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I messed up the model interpretation. Corrected above. I still think the numbers support that combining the decline in 3-pt shooting effectiveness with the increase in 3-pt attempts (presumably b/c of tired legs) would suggest that putting in a microwave type to run circles around tired defenders is a reasonable approach for coaches to consider; the kind of non-intuitive strategy informed by data that SoSH used to embrace in the first W. Bush administration.
 

DeJesus Built My Hotrod

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The problem with the bolded is that we're talking about the NBA. To a first approximation, everyone in the league is "generally young, healthy, and built for hooping." The Celtics are probably incrementally younger and healthier than most other teams, but only incrementally. It's not as if the reast of the league is guys in their late 30s who use crutches when not on the court. SO, are the Celtics out of step with the rest of the league is a reasonable question to ask that can be answered empirically.
If your concerns are over the Heat loss or how the Cs are spending their bullets on the regular season, I have nothing for you. They are 18-5, the data doesn't show Mazzulla running the team into the ground, even with the aforementioned increase in MPG and I am not getting sucked into the madness of analyzing one loss vs a tough team.

People can and will monitor those things but until we see the harm - and a single December loss to Miami after the team has been on fire doesn't qualify in my book - it seems silly to worry about it.
 

kieckeredinthehead

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If your concerns are over the Heat loss or how the Cs are spending their bullets on the regular season, I have nothing for you. They are 18-5, the data doesn't show Mazzulla running the team into the ground, even with the aforementioned increase in MPG and I am not getting sucked into the madness of analyzing one loss vs a tough team.

People can and will monitor those things but until we see the harm - and a single December loss to Miami after the team has been on fire doesn't qualify in my book - it seems silly to worry about it.
You keep talking about "running the team into the ground" and "long-term injuries," which has absolutely nothing to do with what I'm responding to. I'm addressing the question of single game usage when it goes into overtime. A few people commented that it's poor in-game strategy, although almost universally accepted by basketball coaches, to overwork your starters. At your request, I've provided hard evidence that in game, players get worse offensively the more they play. I'm not talking about a single loss to Miami, I'm talking about any time a game goes into overtime. When your starters play five more minutes than expected, they suffer physical and mental decline (you can check my references) that causes them to take more, worse shots - that's what the data says. In 2019-2020, players averaged 36% on 3-pt shots in Qs 1-4. In the first overtime, they dropped to 31%. In the second overtime, they dropped to 27%. And yet, as I showed above, they took more 3's in overtime. This isn't "madness" or "silly" - a few people said coaches shouldn't play starters so much in overtime, you said somebody should present the data, so I did.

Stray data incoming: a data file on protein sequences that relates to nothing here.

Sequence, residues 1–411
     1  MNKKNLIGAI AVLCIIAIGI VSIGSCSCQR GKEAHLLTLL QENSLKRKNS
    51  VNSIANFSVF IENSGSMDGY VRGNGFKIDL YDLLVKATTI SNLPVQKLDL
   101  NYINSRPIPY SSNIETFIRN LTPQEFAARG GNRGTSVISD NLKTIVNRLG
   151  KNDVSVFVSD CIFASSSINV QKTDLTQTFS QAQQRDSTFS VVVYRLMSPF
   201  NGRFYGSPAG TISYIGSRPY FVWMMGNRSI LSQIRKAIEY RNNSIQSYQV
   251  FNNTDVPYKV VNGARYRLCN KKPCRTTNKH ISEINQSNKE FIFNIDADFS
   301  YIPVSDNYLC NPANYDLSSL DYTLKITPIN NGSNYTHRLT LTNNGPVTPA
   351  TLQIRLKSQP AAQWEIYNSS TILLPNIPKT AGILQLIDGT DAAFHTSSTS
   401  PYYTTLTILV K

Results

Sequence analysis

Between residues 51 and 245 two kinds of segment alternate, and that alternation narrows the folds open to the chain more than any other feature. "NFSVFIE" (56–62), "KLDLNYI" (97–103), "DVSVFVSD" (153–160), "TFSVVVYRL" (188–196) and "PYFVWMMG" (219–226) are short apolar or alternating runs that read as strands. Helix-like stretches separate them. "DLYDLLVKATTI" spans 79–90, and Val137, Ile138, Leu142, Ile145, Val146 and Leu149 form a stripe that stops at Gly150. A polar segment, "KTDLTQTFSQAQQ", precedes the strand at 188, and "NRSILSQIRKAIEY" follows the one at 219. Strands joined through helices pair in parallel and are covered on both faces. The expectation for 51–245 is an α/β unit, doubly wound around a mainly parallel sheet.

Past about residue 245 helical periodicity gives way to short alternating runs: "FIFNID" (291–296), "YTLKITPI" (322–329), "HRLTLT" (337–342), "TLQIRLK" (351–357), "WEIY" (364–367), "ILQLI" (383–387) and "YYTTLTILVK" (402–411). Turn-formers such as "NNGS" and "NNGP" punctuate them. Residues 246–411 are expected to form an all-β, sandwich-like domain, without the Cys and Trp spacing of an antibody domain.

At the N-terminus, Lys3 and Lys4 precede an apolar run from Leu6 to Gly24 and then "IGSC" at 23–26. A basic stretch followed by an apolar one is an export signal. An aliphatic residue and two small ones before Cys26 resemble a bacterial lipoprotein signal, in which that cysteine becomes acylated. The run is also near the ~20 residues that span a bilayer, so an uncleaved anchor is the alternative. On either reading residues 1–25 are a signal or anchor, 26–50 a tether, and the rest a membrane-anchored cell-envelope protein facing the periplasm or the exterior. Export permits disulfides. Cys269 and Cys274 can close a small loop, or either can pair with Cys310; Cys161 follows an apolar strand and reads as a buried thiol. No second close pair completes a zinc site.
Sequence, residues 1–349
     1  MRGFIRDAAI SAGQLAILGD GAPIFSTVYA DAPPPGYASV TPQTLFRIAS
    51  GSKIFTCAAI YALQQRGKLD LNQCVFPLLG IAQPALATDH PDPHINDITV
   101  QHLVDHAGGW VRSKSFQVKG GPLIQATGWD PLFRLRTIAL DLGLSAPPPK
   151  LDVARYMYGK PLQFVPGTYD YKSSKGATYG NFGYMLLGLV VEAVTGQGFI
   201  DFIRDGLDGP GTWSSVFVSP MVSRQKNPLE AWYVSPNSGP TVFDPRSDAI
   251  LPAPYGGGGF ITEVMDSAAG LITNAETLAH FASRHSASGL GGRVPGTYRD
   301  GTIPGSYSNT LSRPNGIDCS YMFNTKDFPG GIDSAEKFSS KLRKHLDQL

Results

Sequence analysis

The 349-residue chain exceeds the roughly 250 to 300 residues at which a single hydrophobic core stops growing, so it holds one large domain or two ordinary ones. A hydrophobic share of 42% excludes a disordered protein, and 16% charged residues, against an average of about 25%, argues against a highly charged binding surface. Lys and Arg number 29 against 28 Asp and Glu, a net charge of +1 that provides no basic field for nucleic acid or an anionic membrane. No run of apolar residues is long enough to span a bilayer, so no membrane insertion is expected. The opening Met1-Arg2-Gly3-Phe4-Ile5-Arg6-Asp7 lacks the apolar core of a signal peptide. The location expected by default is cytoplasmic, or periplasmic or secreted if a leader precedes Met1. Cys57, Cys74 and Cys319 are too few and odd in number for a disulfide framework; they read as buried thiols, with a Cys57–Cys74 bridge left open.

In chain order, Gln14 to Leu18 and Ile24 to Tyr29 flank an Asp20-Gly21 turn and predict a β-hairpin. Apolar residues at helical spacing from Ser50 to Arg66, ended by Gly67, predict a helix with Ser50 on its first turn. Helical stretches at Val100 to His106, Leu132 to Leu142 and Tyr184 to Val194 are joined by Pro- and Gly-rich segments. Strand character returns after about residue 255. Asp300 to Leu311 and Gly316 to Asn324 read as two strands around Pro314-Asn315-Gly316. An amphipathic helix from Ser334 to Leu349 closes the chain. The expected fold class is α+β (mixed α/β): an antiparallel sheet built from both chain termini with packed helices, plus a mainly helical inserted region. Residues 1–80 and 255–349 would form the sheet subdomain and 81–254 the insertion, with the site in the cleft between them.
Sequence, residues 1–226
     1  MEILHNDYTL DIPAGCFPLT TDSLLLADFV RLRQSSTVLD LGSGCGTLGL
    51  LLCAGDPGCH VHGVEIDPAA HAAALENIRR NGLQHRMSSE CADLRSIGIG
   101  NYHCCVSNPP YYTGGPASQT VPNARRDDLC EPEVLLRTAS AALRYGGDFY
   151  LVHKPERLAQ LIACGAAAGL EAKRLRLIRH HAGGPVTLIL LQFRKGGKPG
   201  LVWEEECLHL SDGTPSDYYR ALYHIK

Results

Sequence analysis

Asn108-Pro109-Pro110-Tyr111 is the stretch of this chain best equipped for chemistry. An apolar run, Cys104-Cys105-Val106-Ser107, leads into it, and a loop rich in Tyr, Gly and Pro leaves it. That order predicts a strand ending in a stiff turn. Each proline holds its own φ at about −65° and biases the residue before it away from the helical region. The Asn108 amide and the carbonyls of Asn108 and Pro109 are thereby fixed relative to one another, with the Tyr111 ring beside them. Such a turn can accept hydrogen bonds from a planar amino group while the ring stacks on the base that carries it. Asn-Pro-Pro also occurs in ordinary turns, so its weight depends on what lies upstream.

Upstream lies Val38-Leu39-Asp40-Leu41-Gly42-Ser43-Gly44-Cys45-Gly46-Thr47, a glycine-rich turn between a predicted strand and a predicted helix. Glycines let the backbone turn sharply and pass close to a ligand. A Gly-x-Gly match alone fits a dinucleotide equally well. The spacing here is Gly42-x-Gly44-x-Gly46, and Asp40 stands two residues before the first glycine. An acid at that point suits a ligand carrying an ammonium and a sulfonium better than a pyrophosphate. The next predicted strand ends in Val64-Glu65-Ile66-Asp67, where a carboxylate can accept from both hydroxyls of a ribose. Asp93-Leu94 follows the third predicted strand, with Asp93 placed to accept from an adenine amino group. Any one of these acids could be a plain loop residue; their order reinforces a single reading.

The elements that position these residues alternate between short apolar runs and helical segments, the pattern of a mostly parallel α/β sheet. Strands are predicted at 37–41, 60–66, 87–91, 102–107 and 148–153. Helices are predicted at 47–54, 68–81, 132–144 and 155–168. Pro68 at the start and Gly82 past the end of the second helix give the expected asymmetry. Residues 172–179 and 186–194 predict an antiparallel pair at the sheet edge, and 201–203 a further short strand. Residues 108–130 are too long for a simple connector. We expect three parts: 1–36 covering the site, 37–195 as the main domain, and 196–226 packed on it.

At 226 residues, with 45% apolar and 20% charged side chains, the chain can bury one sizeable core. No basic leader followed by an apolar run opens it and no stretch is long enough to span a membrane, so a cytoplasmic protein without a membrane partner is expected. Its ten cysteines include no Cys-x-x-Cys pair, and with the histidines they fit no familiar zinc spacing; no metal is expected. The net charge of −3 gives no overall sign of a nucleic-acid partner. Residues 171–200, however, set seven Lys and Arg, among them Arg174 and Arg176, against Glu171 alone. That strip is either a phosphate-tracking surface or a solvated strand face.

DeJesus Built My Hotrod

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You keep talking about "running the team into the ground" and "long-term injuries," which has absolutely nothing to do with what I'm responding to. I'm addressing the question of single game usage when it goes into overtime. A few people commented that it's poor in-game strategy, although almost universally accepted by basketball coaches, to overwork your starters. At your request, I've provided hard evidence that in game, players get worse offensively the more they play. I'm not talking about a single loss to Miami, I'm talking about any time a game goes into overtime. When your starters play five more minutes than expected, they suffer physical and mental decline (you can check my references) that causes them to take more, worse shots - that's what the data says. In 2019-2020, players averaged 36% on 3-pt shots in Qs 1-4. In the first overtime, they dropped to 31%. In the second overtime, they dropped to 27%. And yet, as I showed above, they took more 3's in overtime. This isn't "madness" or "silly" - a few people said coaches shouldn't play starters so much in overtime, you said somebody should present the data, so I did.